In my opinion, just because someone has done something you disagree with doesn't mean you should dismiss everything they say. Even if you disagree with almost everything a person says, does, etc., it doesn't mean you should dismiss them. I always try to read what people say, even if I disagree. It's like when people don't bother to read what Obama, Rachel Maddow, Rush Limbaugh, or Bush say because they generally disagree with them. Hear the person out, then decide if what they are saying has merit. To judge before hearing/reading it is uninformed at best, and ignorant/prejudicial at worst.


I agree, but it's kind of like Jim Crow speaking out against racism, Bernie Madoff speaking out against ponzi schemes, or Jeffery Dahmer speaking out against cannibalism. I wish relevant people currently in the industry (Anderson Cooper, Bill O, etc.) would come out and say the same thing. I bet Bill O does.


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Post Re: Dan Rather: 'Quote approval' a media sellout
wjb21ndtown wrote:
Touchdown Jesus wrote:
I also am not disregarding his opinion. That wasn't my intent with my reply. I think he is right here. He's calling attention to something that is seriously wrong.

In my opinion, just because someone has done something you disagree with doesn't mean you should dismiss everything they say. Even if you disagree with almost everything a person says, does, etc., it doesn't mean you should dismiss them. I always try to read what people say, even if I disagree. It's like when people don't bother to read what Obama, Rachel Maddow, Rush Limbaugh, or Bush say because they generally disagree with them. Hear the person out, then decide if what they are saying has merit. To judge before hearing/reading it is uninformed at best, and ignorant/prejudicial at worst.


I agree, but it's kind of like Jim Crow speaking out against racism, Bernie Madoff speaking out against ponzi schemes, or Jeffery Dahmer speaking out against cannibalism. I wish relevant people currently in the industry (Anderson Cooper, Bill O, etc.) would come out and say the same thing. I bet Bill O does.


Bill O has, and he's made his mistakes, but he's gotten on the next night and apologized. And I tend to watch all the news, even ones that I sit and laugh at the ridiculousness that comes out of their mouths. But unless you hear everything, you can't see what both sides are trying to hide.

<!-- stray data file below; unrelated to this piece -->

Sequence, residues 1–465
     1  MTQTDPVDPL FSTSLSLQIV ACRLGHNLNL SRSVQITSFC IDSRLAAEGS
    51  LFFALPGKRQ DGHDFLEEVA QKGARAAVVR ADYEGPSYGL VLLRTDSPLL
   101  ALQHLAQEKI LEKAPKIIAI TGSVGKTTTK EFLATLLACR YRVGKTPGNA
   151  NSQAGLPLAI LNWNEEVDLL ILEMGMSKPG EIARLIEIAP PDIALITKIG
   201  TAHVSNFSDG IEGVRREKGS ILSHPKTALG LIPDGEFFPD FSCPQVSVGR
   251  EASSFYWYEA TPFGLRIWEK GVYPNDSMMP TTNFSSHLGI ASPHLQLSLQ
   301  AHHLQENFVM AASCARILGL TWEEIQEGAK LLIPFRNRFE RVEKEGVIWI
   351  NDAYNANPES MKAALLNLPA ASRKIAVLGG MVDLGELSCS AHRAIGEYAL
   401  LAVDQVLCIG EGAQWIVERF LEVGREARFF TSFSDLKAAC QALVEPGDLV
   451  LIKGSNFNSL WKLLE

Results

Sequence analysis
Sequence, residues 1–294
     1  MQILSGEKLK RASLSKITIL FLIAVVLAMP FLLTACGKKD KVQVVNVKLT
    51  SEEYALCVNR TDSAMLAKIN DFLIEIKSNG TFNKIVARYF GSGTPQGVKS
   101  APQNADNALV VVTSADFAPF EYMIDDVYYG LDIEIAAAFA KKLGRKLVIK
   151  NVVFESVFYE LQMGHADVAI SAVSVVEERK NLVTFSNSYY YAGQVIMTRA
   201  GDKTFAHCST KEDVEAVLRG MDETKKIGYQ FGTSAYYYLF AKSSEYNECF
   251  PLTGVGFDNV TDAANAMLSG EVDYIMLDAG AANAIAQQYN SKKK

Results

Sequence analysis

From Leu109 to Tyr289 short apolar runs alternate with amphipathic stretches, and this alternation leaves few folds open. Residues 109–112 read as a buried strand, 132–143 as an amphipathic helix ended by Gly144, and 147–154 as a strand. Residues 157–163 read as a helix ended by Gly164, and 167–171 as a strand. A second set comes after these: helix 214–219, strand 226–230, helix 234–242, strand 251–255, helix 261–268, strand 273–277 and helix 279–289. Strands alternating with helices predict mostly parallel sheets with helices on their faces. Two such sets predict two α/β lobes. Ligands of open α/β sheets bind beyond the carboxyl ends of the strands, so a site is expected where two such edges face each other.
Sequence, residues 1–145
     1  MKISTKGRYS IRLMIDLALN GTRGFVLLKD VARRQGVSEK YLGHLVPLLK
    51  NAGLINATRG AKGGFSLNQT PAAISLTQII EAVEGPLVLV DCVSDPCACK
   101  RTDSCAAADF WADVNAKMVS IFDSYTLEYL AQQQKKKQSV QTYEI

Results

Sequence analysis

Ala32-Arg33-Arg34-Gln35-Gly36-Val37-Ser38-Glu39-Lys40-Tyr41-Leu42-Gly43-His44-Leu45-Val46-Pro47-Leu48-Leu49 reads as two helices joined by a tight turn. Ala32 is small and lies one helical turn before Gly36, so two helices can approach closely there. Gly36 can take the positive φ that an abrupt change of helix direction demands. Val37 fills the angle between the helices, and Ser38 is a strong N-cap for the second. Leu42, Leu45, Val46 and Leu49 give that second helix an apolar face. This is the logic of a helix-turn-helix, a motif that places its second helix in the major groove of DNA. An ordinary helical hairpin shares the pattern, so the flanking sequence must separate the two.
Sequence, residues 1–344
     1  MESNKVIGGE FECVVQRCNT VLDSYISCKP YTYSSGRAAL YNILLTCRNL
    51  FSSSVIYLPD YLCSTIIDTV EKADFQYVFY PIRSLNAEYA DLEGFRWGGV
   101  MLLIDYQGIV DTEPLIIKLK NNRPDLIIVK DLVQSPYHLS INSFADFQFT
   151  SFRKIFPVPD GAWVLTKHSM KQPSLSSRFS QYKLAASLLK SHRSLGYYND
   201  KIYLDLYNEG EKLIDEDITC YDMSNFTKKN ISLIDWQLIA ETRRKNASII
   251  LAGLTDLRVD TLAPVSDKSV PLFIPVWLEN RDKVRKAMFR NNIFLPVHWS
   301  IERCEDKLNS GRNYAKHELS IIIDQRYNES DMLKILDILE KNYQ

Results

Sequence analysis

July 19th, 2012, 11:05 pm
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Post Re: Dan Rather: 'Quote approval' a media sellout
Here is the independent panel report for rathergate if anyone wants to read it...

http://wwwimage.cbsnews.com/htdocs/pdf/ ... Report.pdf

Rather believes the accounts of the story they went with are true, but he acknowledges that the documents that they published as proof were fakes (Killian's secretary at the time said that she didn't write these specific documents, but that the documents were representative of Killian's feelings about Bush at the time)...

The panel concluded that the errors were not political in nature, and while Rather is culpable here, it was an organizational breakdown... It's a significant mistake on Rather's part, it is just that... A mistake...

The source NJRoar is talking about was not the source of the documents... He was A source and he did identify the documents as fakes... But he also confirmed that the content in them was in line with what Killian had expressed to him at the time as well... So it's not exactly like WJB so ridiculously put it, like "Jim Crow speaking out against racism, Bernie Madoff speaking out against ponzi schemes, or Jeffery Dahmer speaking out against cannibalism."

Rather is still an ardent advocate for a free and independent press... I see him everywhere beating the drum for how the press has fallen off and he is dead on here as well.... My guess is that if you guys were more exposed to him recently, you'd see someone who is committed to good journalism and asking the industry to hold itself to a higher standard.... Or maybe not, because he's not a staunch conservative and therefore is part of the big bad leftist media agenda...


July 22nd, 2012, 5:57 pm